Breaking Dead
PublisherTwenty7
Date Published08 September 2016
 
 
ISBN-101785770454
ISBN-13978-1785770456
Formatpaperback
Pages368
Price£ 7.99

Breaking Dead

by Corrie Jackson

Journalist Sophie Kent finds herself entangled in the dark side of the fashion industry after a Russian model she’d just interviewed is found dead.


Review

If you’re expecting wall-to-wall fashion world glamour, don’t read Breaking Dead. If you want an edgy tale from the noir end of the genre, this might be your brand.

I admit freely to being a sucker for hero journalist stories – and equally grumpy when writers haven’t done their media homework. You can’t accuse Corrie Jackson of the latter, given she’s worked on national papers and magazines.

Sophie Kent is a reporter on a London daily. A Russian model, who Sophie had interviewed just days before, is found dead in a snooty London hotel. There are more deaths to come, plus a vivid portrayal of an industry ridden with drugs, blackmail and dodgy sexual shenanigans.

Jackson presents a raft of fairly unlikeable characters, both on the newspaper and in the fashion world. But she’s a strong writer who makes the reader care what happens to these people. The fashion world is shown for what it is – superficially glamorous. Jackson has a convincing cast of models, photographers and agents, all with their secrets to hide.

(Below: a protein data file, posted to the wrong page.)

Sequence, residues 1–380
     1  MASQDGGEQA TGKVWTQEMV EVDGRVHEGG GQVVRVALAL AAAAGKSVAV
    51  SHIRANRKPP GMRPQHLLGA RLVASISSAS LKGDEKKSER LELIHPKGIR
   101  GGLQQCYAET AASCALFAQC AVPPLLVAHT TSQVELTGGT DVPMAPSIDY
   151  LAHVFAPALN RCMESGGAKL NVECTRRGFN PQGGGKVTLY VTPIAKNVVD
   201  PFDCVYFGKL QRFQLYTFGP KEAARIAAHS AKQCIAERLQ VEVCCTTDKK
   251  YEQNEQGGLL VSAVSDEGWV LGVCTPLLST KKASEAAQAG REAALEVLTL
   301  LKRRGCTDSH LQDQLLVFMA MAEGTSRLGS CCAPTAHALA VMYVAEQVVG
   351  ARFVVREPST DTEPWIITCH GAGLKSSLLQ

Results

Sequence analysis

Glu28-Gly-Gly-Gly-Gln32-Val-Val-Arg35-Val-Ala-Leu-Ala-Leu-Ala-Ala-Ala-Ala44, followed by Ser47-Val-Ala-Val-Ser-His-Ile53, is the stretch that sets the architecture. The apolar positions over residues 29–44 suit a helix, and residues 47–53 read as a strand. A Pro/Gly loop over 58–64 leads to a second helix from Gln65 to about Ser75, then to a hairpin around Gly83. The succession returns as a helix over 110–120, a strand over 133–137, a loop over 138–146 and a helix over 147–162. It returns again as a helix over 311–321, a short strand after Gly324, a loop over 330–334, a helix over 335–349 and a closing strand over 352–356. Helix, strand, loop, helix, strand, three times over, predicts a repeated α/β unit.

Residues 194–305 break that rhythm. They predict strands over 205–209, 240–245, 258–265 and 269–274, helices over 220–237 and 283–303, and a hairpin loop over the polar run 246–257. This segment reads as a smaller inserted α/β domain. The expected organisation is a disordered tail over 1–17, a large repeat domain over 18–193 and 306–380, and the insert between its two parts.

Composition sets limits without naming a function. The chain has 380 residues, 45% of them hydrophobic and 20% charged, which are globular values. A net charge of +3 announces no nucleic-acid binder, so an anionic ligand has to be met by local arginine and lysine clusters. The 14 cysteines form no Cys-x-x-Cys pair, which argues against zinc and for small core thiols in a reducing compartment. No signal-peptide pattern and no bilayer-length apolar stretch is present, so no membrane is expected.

Sophie has her own personal baggage in the form of a wealthy but dysfunctional family. She’s mourning the death of her drug addict brother – and this thread looks like being continued if this, as seems likely, turns into a series.

The newspaper scenes are as bleak and realistic as those in the fashion world. Sophie has appalling taste in men, not least the married news editor. And there’s the constant pressure of 24-hour news to keep the exclusives coming, set against the tumbling circulations of print newspapers. Sophie may be a maverick when it comes to the job, but she has the sense to involve her police contact, DCI Sam Durand.

Breaking Dead has the feel of a noir movie, with up-market hotels, seedy flats and the brightly-lit newsroom. It’s tightly-plotted, fast-moving and I devoured it greedily in two sittings.

Reviewed 17 September 2016 by Sharon Wheeler